Chameleon Walk

chameleon walk exercise
chameleon walk lizard walk

This is the most strength demanding exercise among all animals walks.

Chameleon walk is basically a moving one arm-one leg push up!

Chameleon walks will build the strength and stability in the entire body better than any other animal walk out there. If you master this, you are a beast. 

The one arm-one leg aspect of the chameleon walks will develop your movement coordination and stabilizers like nothing else, because it's very difficult to keep the body balanced with just two limbs.

To check the correct progressions for lizard walks and chameleon walks, check our article below:

Scorpion Walks and Scorpion Jumps

scorpion walk exercise
scorpion walk
scorpion walk movement
scorpion jumps

Scorpion walks are an awesome exercise, and they require a high level of mobility in the thoracic spine, core, hips, and shoulders.

Check our video and pictures for the best demonstration of this exercise.

In scorpion walks, you are basically throwing your leg over your hips and let your body follow with the movement.

The harder variation is to do the same movement, but this time with a jump. The jump will greatly increase the difficulty of the exercise. 

Scorpion jumps look cool too, and they feel even cooler.

Crouching Tiger

crouching tiger
crawling tiger

This is a very low crawl with maximal control in the extension of the elbows (controlling the range of motion with triceps). 

Crouching tiger is a very fun way to move low on the ground.

Although it's not as hard as advanced lizard walks, the crouching tiger will still develop your body into a better movement locomotion machine. 

Bear-Crab Roll

bear-crab roll
bear-crab roll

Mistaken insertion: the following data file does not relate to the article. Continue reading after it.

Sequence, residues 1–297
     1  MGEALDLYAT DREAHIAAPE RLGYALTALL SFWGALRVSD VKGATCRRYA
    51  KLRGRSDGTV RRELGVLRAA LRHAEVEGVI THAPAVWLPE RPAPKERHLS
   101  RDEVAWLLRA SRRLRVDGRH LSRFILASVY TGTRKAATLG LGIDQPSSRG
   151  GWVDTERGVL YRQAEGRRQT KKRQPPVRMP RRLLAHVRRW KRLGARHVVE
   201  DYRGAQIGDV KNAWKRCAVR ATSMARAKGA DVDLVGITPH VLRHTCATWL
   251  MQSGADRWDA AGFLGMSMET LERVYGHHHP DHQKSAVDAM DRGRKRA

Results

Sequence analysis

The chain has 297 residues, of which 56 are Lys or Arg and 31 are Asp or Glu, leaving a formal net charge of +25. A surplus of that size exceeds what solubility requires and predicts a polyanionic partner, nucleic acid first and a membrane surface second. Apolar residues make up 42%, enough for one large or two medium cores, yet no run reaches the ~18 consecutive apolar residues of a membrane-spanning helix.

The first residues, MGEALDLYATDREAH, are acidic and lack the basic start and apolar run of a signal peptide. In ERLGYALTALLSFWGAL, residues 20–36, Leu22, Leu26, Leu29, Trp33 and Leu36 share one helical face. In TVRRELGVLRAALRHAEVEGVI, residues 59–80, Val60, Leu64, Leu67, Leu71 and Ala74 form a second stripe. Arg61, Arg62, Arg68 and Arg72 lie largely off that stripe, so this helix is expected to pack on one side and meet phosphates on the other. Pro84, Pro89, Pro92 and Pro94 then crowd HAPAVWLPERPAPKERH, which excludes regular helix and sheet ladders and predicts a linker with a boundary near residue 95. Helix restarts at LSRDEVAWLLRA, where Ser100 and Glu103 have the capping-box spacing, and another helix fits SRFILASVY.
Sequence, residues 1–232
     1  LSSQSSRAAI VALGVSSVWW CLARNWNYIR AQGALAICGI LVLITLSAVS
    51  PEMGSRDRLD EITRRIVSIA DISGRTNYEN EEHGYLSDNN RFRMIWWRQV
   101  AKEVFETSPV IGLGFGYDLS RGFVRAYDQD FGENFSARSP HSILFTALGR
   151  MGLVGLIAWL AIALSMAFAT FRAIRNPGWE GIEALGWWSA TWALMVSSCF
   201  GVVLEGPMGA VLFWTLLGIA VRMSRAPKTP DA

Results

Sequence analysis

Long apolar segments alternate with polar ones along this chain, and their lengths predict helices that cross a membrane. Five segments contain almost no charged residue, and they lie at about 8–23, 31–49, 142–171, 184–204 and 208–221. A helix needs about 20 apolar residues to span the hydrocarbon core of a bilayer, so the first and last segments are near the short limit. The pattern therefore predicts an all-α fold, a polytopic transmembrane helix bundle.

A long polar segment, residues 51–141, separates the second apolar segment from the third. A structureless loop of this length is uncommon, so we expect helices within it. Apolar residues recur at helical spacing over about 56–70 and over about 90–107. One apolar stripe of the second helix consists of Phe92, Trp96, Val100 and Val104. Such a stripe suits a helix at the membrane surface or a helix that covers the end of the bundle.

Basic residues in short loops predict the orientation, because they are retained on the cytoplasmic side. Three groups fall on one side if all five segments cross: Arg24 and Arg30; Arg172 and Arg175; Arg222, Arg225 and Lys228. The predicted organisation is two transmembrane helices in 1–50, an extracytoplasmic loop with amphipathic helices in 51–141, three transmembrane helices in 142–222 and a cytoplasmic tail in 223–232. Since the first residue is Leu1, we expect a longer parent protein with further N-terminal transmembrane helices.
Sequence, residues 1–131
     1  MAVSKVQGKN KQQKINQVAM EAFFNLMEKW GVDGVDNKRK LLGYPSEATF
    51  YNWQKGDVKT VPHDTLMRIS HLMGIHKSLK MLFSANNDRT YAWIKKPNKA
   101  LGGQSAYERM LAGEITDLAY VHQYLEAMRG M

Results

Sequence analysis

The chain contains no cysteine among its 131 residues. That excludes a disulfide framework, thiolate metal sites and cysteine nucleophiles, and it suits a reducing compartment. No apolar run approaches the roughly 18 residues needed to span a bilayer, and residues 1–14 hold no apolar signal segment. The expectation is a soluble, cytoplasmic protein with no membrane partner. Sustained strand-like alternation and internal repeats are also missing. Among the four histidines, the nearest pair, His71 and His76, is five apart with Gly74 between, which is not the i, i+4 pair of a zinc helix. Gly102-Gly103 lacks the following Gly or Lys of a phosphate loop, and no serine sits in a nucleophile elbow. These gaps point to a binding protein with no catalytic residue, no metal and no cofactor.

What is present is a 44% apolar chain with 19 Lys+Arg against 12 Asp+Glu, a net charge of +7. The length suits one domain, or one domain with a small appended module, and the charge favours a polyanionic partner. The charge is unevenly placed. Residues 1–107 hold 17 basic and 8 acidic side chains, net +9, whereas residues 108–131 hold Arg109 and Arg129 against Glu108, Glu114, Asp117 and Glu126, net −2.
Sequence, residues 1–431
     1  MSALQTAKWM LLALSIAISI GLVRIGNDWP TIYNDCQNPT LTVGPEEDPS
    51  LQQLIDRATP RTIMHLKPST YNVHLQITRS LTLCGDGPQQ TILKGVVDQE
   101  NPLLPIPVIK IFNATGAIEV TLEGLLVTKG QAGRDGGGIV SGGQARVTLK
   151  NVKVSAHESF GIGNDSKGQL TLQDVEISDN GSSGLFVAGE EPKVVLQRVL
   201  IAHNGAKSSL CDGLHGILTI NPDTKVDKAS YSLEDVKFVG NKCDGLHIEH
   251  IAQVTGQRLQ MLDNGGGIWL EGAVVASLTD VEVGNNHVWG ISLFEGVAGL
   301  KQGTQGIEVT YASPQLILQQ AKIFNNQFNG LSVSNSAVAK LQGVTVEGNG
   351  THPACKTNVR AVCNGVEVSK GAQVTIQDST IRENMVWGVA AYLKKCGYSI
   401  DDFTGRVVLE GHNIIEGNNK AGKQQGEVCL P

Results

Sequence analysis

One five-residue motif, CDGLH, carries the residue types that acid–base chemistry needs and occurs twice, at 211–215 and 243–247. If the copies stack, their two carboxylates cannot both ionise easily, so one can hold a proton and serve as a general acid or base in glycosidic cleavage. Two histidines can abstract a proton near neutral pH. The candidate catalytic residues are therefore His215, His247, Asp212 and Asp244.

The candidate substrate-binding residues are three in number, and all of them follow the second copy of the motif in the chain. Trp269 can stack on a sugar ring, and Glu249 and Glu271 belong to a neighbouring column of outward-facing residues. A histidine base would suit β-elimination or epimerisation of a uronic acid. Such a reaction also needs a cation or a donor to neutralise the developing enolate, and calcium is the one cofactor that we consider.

This is an exercise that will develop your body's coordination. It also has small strength and mobility building elements to it. 

Check our video for the best demonstration.

Monkey Rolls

monkey rolls movement
monkey rolls movement

This is a fun flowing and circling movement exercise you can do to improve your handstands and other overhead work. 

Because you are doing the monkey rolls in one spot, you can just keep on doing monkey rolls, then do more monkey rolls, and later notice you did them for 10 minutes straight.

Animal Walks Programming

How much you like to do these drills depends on your personal taste. If you are only looking for a fun way to warm-up, that's great too.

If you want to really practice these skills and create an awesome locomotion flow, then you can spend hours practicing these drills.

You can do different animals walks individually, but you can also combine them into a locomotion flow where you are transitioning between different animals walks. 

If you are interested in other animal walk exercises, and you really want to master the lizard walk or learn how to move like a monkey, check our posts:

Train hard, stay safe.

samuli jyrkinen

About the author 

Samuli Jyrkinen

Samuli is the ninja behind the scenes (photography, videography, websites, program platforms and more). He has been training religiously for over a decade and has a firm grasp of physical and mental fitness. You will find our story here.

You may also like

I’ve worn barefoot shoes for 15 years – How to increase your foot strength by 57%!

I’ve worn barefoot shoes for 15 years – How to increase your foot strength by 57%!

How to Contract Your Complete Abdominals

How to Contract Your Complete Abdominals

8 Challenging Animal Walks | Develop The Most Mobile & Limber Lower Body

8 Challenging Animal Walks | Develop The Most Mobile & Limber Lower Body

5 Ancient Methods For Ultimate Physical Development

5 Ancient Methods For Ultimate Physical Development

MMA, Movement & Qigong with UFC Champion Jiri Prochazka

MMA, Movement & Qigong with UFC Champion Jiri Prochazka

Grizzly Bear CHALLENGE – Test your PRIMAL Strength & Endurance with 6 Exercises

Grizzly Bear CHALLENGE – Test your PRIMAL Strength & Endurance with 6 Exercises
  • {"email":"Email address invalid","url":"Website address invalid","required":"Required field missing"}